How to Rid Your Cat of Fleas

Many cat owners don't realize that cats do not have to go outside to get fleas – the truth is, indoor cats are also susceptible to them. Kittens and sick cats are particularly vulnerable to fleas.

How To Know If Your Cat Has Fleas:

Use a flea comb on your cat and observe the small black specks on the comb. Some call it "flea dirt," but it is actually the excrement the flea leaves.

Smash some with a damp paper towel, and if it turns red - that's the residue from your cat's blood - cat flea control is needed.

Other signs of a cat with fleas?

  • Excessive itching/scratching

  • Licking excessively along the back, and around the tail and hindquarters.

  • Black and white gritty specks in the hair (flea feces and eggs)

There are dozens of species of fleas, each adapted to a particular host. Ctenocephalides felis, the cat flea, is the typ most commonly found in homes. The cat is their preferred host, but these fleas can also suck blood from humans, dogs and other animals.

How to get rid of your cat's fleas:

Step 1:

Use a flea comb to remove all the fleas from your cat's body. Then, apply a flea treatment. But wait - not just any flea treatment...

Here's a tip I received from a long time cat owner and veterinarian. She claims from her experience that most chemical flea treatments for your home not only don't work very well, but they are also dangerous to you, your pets and everyone else in your house.

She recommends using a natural flea treatment.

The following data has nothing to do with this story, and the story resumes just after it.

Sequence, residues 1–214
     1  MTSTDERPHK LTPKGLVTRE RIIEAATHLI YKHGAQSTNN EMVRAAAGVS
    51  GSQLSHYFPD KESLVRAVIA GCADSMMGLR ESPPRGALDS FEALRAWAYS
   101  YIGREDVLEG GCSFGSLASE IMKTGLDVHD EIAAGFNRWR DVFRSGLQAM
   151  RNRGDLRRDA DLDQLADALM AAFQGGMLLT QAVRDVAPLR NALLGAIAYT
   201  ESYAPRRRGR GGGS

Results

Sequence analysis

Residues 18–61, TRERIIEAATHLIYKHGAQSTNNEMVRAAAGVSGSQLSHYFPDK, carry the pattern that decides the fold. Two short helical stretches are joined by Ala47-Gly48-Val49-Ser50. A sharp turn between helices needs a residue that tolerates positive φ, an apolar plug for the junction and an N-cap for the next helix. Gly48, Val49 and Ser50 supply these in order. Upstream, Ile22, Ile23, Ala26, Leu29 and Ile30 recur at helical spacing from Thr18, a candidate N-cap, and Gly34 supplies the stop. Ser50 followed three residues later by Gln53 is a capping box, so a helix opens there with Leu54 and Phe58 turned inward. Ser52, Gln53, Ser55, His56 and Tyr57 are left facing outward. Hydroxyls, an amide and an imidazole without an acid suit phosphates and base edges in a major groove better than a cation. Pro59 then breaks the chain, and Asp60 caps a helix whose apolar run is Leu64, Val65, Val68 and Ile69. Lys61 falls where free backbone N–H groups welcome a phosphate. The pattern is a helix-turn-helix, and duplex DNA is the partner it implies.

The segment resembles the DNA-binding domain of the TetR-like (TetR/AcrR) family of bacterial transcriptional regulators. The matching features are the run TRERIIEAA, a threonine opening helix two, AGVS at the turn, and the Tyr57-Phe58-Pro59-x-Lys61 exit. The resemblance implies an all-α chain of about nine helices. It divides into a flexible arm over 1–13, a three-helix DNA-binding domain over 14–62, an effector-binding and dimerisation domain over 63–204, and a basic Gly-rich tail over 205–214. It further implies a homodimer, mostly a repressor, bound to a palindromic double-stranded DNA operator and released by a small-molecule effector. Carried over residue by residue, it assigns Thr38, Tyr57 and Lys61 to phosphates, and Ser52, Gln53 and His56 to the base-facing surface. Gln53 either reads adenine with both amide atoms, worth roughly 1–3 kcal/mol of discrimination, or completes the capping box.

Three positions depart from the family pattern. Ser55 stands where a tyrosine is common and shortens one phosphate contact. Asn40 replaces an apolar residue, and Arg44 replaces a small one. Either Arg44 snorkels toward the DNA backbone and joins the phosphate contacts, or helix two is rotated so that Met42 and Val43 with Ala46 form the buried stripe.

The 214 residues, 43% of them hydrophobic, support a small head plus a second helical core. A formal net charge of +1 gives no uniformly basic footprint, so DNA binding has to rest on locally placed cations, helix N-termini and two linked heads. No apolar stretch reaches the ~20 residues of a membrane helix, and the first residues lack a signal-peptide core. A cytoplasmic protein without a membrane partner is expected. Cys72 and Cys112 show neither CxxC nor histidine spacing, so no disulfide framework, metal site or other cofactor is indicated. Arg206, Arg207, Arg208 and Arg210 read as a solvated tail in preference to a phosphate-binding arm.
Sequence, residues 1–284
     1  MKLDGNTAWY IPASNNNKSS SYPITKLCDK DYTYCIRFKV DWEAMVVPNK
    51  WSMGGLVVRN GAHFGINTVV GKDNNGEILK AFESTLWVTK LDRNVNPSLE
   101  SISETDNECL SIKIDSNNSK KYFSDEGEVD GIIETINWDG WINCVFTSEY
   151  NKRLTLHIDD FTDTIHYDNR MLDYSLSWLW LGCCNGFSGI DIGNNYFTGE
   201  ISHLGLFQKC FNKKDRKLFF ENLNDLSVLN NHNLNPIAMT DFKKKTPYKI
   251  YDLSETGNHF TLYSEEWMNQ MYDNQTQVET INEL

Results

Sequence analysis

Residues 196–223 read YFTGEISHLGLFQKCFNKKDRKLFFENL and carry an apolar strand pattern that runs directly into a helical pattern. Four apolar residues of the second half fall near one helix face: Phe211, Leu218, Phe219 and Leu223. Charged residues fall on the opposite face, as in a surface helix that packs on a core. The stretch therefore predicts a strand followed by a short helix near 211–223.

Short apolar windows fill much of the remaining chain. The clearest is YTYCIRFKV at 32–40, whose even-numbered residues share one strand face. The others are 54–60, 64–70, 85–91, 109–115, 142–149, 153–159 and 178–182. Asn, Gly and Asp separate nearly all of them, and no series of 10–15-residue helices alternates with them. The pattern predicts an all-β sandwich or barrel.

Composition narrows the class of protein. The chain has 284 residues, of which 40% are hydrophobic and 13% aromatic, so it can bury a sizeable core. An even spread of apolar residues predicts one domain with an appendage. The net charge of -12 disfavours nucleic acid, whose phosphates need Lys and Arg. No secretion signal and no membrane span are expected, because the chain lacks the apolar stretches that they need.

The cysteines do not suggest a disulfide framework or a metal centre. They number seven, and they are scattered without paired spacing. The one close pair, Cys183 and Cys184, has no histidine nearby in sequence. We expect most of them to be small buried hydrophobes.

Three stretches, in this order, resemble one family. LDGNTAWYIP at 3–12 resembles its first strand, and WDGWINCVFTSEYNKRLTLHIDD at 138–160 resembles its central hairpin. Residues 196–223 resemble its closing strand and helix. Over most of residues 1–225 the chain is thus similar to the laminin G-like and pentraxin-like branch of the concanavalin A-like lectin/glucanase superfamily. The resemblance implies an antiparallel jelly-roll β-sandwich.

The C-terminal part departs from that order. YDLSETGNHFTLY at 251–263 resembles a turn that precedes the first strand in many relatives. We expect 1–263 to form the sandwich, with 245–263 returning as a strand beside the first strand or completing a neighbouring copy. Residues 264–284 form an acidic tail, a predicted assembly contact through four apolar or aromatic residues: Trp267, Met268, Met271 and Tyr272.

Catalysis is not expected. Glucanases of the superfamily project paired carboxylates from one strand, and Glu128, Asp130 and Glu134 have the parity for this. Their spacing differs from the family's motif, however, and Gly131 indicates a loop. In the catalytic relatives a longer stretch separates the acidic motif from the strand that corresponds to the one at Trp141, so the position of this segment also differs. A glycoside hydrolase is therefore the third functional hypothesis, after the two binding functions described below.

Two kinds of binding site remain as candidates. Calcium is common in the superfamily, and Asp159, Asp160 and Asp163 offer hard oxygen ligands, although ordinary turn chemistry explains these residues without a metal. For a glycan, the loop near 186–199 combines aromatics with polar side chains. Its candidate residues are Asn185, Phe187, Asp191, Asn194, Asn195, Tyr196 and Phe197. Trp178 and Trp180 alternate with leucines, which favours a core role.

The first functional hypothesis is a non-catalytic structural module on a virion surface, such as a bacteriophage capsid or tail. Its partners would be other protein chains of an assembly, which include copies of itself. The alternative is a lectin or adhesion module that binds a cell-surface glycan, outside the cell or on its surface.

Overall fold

This particular natural flea treatment works well because it feels like soft powder to humans, but on a microscopic level it is actually razor sharp!

When a flea comes into contact with it, their protective coating is pierced and they immediately lose their bodily fluids, get dehydrated and die.

It's guaranteed to kill fleas, and to be completely safe for you, your children and all of your pets. It's also not as smelly as chemical flea treatments.

Step 2:

Right after treating your cat, vacuum your entire house and wash all blankets, bedding, etc. in hot water and use bleach if you can.

Then, sprinkle the natural flea treatment all over your carpet, bedding and any other surfaces your cat comes in contact with.

Step 3:

Get your cat dewormed. When your cats groom themselves, they ingest fleas - which carry tapeworm. You need to repeat this process once every month for 3 months to make sure you've gotten rid of all of them and to avoid a re infestation.

Warning: If you have decided to use a chemical treatment and you have multiple cats, you need to separate your cats for at least 12 hours, preferably 24 hours after applying the flea treatment.

Why?

Because if your cats groom each other, they can lick the chemicals off each other and poison themselves.

After 24 hours, the chemicals have absorbed into their bloodstream and are no longer on the skin. If you suspect your cat (or dog) has ingested the flea medicine, call or take them to the vet immediately.

If your cat only has a mild flea infestation, here is a homemade flea dip that will eliminate the fleas from their body. (You'll still need to treat your home though to prevent re infestation)

Note: This only works for very mild flea infestations.

Homemade Flea Dip

Lemon Flea Dip:
1 lemon
1 pot boiling water

Put the lemon into the boiling water and let it boil for 1-2 minutes, then turn it off. Let it set overnight. The next day, simply 'dip' your cat into it or pour it over your cat's body. Do not rinse the dip off.





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